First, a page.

This 6.2-mile loop is known as a hidden gem, located less than two hours from New Orleans in Bouge Chitto State Park. It’s a great place to beat the heat, too: Most of the trail is quiet and shaded, with some small hills and plenty of wildlife. You can also use the park’s boardwalks to explore Fricke’s Cave, a large gorge-like area filled with delicate sandstone spires.
Cadillac Mountain South Ridge Trail, Bar Harbor
The tallest mountain on the eastern seaboard and one of the first places in the United States to see sunlight every morning, Cadillac Mountain in Acadia National Park is hard to get to—but worth the trip. The 7.7-mile out-and-back (with a small loop near the summit) starts in the forest and opens up to a gradual granite ascent. When you get to the top, try not to feel too superior to everyone else who drove there.
Billy Goat Trail, Potomac
Only 30 minutes from Washington, D.C., this trail is very highly trafficked—but the dramatic views of the Potomac River and Mather Gorge are worth the crowds, says Washingtonian magazine. Completing all three sections (A, B, and C) makes for a strenuous 7.3-mile loop that involves plenty of scrambling over large rocks.
Harrington Trail, Wachusett Mountain, Princeton.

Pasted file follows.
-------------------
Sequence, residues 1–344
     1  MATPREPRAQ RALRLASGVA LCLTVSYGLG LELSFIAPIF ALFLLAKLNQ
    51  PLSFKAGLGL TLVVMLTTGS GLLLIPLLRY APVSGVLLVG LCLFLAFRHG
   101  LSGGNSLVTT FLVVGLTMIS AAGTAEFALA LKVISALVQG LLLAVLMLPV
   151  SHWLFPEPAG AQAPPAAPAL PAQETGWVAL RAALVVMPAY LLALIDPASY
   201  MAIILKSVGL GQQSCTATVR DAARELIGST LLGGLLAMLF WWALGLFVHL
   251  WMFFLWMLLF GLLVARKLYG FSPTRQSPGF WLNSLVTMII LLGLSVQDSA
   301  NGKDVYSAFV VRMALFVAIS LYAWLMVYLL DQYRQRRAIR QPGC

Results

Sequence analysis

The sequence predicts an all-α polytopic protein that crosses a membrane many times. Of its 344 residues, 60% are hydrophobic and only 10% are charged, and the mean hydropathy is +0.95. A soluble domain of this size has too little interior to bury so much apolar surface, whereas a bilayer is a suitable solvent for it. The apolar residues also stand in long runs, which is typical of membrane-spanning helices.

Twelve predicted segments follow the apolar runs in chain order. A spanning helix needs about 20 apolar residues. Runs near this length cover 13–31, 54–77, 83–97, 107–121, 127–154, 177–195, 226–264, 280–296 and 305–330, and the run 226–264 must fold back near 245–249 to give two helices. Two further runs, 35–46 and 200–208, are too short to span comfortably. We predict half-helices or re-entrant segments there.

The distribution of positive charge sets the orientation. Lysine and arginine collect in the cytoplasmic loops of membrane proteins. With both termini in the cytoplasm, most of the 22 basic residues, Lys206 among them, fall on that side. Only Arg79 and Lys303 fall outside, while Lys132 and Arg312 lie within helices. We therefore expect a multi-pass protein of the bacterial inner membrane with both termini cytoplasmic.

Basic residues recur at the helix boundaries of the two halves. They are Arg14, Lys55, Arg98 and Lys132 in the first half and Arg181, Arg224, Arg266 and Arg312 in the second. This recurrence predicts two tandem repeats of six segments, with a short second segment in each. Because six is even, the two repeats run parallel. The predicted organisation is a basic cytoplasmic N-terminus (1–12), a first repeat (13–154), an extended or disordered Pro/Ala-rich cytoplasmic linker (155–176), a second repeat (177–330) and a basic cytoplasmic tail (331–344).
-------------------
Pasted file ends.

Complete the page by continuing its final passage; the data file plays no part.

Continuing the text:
Just 60 miles from Boston, this easy 3.6-mile loop takes you to the summit of Wachusett Mountain—a skiing hill in the winter—where you can see the city skyline, the Berkshire Mountains, and even parts of New Hampshire on a clear day. And if you need another reason to try this trail, it was recently named one of Boston Magazine’s 55 best New England hikes.
Chapel Trail Mosquito Falls Loop, Munising
This 9.7-mile loop at Pictured Rocks National Lakeshore (on Michigan’s less populated Upper Peninsula) meanders along high sandstone cliffs and offers spectacular views of Chapel Falls and Chapel Beach—some of the state’s most scenic spots. Don’t miss the close-up view of Chapel Rock, a large, standalone rock formation with a single large tree growing on top.
Deer Park & Ozawindib Trail Loop, Bagley